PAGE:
TUNIS (Reuters) - Libya’s National Oil Corporation (NOC) said on Sunday that it had identified “illegal” efforts to sell crude oil without its approval and warned potential buyers not to enter into such contracts.
Factions based in eastern Libya have previously tried to sell oil independently of NOC in Tripoli, but their moves have been frustrated by U.N. resolutions that remain in place.
“NOC identified a group of individuals abusing the current status of political division in Libya by entering into illegal contracts with unknown or unqualified companies,” NOC said in a statement without providing detail on who was involved.
“These individuals, and others associated with them, have offered Libyan crude oil for sale at huge discounts below the official selling price (OSP).”
The statement added that this could cost the state of Libya hundreds of millions of dollars in lost revenue.
The NOC reasserted in the statement that it was the only body authorised by U.N. resolutions to export crude oil and oil products from Libya, and that only the 16 international oil companies that already hold contracts with NOC could buy oil or charter tankers from Libyan ports.
It warned that entering into contracts with other buyers could lead to “serious legal consequences and financial losses” for those concerned.
The statement comes after eastern forces lost and regained control of the key oil ports of Es Sider and Ras Lanuf this month, angering eastern factions that accused their western rivals of backing the temporary seizure of the ports.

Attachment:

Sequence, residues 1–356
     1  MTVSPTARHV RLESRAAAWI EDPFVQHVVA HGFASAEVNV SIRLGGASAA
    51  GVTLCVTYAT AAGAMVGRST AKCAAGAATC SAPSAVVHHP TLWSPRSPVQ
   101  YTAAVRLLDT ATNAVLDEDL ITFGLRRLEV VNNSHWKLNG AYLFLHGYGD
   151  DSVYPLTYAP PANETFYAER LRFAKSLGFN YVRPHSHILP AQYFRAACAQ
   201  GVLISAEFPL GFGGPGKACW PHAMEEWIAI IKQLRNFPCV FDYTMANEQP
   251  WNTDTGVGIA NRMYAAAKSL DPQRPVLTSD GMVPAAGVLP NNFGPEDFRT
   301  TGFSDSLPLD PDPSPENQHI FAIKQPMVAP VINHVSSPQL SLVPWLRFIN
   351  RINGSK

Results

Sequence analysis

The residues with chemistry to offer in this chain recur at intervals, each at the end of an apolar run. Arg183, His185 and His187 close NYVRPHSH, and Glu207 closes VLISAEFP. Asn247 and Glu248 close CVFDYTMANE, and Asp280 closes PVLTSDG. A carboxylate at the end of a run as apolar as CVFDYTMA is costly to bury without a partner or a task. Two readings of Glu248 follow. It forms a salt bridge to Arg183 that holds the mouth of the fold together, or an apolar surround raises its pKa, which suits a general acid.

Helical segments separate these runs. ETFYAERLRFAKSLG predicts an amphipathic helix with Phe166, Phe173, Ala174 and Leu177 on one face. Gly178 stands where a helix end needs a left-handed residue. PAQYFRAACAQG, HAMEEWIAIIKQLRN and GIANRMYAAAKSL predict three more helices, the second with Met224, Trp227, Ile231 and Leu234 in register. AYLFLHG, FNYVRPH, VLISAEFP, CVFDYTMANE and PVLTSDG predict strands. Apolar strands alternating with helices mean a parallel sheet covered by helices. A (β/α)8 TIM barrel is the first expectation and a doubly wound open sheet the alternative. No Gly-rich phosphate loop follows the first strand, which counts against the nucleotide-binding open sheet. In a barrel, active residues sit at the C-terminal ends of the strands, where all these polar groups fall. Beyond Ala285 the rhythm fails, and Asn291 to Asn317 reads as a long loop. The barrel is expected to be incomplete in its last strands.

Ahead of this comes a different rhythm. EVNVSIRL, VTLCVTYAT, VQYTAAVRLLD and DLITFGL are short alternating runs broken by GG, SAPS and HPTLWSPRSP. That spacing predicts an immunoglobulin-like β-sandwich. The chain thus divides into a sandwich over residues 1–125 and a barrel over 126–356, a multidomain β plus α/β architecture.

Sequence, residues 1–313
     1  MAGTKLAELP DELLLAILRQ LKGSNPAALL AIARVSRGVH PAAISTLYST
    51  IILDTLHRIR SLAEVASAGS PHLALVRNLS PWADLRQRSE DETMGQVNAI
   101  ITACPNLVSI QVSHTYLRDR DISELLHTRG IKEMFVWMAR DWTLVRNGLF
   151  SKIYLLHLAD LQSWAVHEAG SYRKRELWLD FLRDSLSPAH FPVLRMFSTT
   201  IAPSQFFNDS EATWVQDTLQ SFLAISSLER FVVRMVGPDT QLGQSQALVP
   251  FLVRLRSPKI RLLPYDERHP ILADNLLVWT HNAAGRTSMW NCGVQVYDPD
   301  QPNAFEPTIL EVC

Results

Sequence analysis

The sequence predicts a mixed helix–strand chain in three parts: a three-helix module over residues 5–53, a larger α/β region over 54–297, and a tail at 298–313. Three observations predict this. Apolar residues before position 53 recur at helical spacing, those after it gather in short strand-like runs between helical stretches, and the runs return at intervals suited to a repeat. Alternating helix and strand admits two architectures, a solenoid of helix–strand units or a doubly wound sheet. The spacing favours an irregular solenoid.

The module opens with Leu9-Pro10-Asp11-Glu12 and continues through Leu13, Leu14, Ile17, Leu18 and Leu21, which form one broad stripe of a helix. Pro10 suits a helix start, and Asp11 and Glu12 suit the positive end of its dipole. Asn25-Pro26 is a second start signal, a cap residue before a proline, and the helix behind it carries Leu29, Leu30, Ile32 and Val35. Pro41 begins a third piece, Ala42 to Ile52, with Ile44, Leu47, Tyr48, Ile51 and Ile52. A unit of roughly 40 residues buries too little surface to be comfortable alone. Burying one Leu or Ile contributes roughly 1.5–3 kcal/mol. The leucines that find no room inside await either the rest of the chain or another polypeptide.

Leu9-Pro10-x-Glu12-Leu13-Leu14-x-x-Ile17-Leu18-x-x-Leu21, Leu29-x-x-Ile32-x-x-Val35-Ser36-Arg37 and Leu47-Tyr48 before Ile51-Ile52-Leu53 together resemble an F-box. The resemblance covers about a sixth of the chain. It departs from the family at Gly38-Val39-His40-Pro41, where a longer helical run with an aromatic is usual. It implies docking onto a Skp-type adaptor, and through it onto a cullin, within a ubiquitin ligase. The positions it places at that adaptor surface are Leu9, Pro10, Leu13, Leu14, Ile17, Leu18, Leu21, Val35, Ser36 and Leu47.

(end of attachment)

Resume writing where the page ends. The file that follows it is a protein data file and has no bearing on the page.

Some eastern officials cast doubt on arrangements under which oil produced in the east is sold by the Tripoli NOC with revenues processed by the central bank in the capital.
However, NOC Chairman Mustafa Sanalla said he was confident of regaining control over oil operations following the port fighting and that operations at the terminals have already restarted.
Since 2014 Libya has been divided between factions based in Tripoli and the east of the country, with rival governments, financial institutions and armed forces competing for power. The eastern government set up its own branch of the NOC in Benghazi but has never gained control over oil operations.
Libya’s oil production has more than doubled since last year to about 700,000 barrels per day (bpd) but remains well below the 1.6 million bpd the OPEC member was exporting before a 2011 uprising.
On Friday ambassadors for the five permanent members of the U.N. Security Council reaffirmed their support for the Tripoli NOC, saying it should retain “exclusive stewardship” of Libya’s oil resources.
“We call for all parties to exercise restraint, avoid military solutions and resolve differences through political processes,” the statement said.
Editing by David Goodman